Turkey and Russia managed to get their energy outlets from the Caspian Basin, lessening their rivalry by the early 2000s. At the same time, the increased U.S. attention to the region following the 9/11 attacks prompted them to reassess their policies. While Russia reacted violently to the U.S. presence in the South Caucasus when an opportunity arose in 2008 by invading Georgia, Turkey was sidelined by the overwhelming presence of its ally. The expansion of the EU had also reached the shores of the Black Sea by this time with the membership of Bulgaria and Romania in 2007. Some Europeans even started to refer to the South Caucasus as the new southeastern Europe, annoying Turkey as much as Russia, since EU policy in the region did not always align but compete with Turkey’s on many occasions.
This “overcrowding” of the region led to a realization in Turkey that the benefits of cooperation with Russia might be greater than the advantages derived from competition. The arrival of the West in the Black Sea and the Caucasus in terms of EU expansion and U.S. military advisors encouraged Turkey to move closer to Russia. The logic for Turkey’s position was that an increased Western presence would unsettle the equilibrium that had emerged in the region. While Turkey preferred containing Russia by drawing it into multilateral regional frameworks, with an emphasis on economic and technical cooperation, Western expansion brought security issues and military perspectives into play.
Compartmentalization in the Black Sea
While Turkish-Russian economic relations had been bolstered by the late 2000s with energy, construction, and tourism as their backbone, what underpinned the expanding cooperation was the common understanding of the benefits derived from compartmentalization. The decision to separate economic issues from political ones, including security concerns, was evident in the two countries’ cooperation through the Black Sea Economic Cooperation Organization. Their similar positions against the presence of non-littoral countries in the Black Sea reflected compatible understandings, helping to create a condominium in the region with an equilibrium between the two biggest navies on the Black Sea.
From the Turkish perspective, the delicate balance that emerged at the end of the Cold War was precious and needed to be protected as it enabled the two countries to cooperate on non-political issues, pulling Russia into multilateral frameworks instead of bilateral dealings where it inevitably had an advantage. Turkey wished to avoid alienating Russia and making it feel cornered by the presence of extra-regional powers. Its most utilized way to do this was strict adherence to the Montreux Convention of 1936, which had stabilized the Black Sea after centuries of international confrontation.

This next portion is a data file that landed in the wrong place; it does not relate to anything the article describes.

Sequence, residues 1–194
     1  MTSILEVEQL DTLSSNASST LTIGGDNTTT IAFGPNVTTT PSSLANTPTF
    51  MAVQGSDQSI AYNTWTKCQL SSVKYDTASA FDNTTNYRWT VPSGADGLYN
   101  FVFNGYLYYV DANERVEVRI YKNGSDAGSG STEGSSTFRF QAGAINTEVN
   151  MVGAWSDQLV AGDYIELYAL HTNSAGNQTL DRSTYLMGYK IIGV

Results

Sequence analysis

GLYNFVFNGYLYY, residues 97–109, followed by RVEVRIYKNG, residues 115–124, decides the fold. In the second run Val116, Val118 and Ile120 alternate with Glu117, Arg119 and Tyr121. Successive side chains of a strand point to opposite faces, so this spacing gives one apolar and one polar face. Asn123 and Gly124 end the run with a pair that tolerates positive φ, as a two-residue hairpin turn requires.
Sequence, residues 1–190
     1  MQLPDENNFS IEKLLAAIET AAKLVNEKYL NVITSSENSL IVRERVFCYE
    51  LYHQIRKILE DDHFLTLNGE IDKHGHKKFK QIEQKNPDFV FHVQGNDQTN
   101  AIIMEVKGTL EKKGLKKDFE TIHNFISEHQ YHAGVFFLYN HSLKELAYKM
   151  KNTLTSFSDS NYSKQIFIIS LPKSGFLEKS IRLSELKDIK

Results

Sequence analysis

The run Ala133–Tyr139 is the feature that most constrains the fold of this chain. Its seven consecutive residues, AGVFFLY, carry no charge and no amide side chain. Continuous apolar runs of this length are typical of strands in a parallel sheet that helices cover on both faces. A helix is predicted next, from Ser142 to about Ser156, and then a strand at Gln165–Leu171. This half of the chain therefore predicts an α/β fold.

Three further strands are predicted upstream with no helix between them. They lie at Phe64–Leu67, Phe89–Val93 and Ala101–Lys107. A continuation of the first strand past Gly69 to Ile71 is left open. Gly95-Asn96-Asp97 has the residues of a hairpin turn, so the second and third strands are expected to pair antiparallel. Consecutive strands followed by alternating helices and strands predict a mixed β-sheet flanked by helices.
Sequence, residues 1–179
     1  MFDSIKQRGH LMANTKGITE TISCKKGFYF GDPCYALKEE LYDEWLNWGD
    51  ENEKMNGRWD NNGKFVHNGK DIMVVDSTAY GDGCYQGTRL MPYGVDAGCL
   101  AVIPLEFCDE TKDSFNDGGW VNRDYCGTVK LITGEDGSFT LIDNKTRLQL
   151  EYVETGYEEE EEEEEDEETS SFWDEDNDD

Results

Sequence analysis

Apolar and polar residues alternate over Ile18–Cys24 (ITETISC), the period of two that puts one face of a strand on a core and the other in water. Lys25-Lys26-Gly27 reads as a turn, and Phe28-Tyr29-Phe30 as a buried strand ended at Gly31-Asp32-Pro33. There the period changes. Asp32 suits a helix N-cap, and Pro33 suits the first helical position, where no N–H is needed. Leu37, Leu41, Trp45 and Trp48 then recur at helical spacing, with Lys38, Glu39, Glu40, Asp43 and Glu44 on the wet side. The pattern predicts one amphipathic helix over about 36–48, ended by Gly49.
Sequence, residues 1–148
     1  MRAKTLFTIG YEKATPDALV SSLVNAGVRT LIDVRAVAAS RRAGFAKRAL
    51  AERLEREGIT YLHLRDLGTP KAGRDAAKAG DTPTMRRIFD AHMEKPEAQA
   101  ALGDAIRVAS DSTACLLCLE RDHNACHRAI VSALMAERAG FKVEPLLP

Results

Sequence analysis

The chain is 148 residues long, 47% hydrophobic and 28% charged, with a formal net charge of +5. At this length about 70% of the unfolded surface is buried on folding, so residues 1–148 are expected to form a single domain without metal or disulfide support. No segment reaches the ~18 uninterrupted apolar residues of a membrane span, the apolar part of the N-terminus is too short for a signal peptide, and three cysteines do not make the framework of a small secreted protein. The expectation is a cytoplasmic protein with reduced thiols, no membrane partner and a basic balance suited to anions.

This meant that at times Turkey diverged from other NATO members. The acrimony between Turkey and its Western allies and regional partners became so intense, especially after 9/11, that it was accused of being one of the obstacles to democratization of the region—the other being presumably Russia.
When Russia invaded Georgia in 2008, Turkey condemned this mildly as the geopolitical landscape had changed in the previous decade and its rivalry with Russia over energy resources had come to an end. While the West was struggling to respond to the crisis, Turkey seemed to distance itself form its allies when it asserted the primacy of the Montreux Convention. Under similar circumstances, Turkey’s response was again cautious when Russia annexed Crimea in 2014, though its displeasure was more evident. While it has not recognized the annexation, Turkey chooses occasions to raise its objections in accordance with the ups and downs of its relations with Russia.
Turkey was also experiencing problems in its EU membership bid at this time and a disconnect in its relations with the West in general. Thus, Turkey and Russia seemed to be creating an “axis of the excluded” on the periphery of Europe. However, since the annexation of Crimea, Russia went beyond most expectations in restoring its Black Sea Fleet and the fortification of Crimea. From a strategic point of view, Russian advances in and militarization of the Black Sea disturb Turkey as, after the annexation of Crimea, the two countries have almost the same sea-border as during the Cold War, and the Russian navy has surpassed the Turkish navy in its power projection.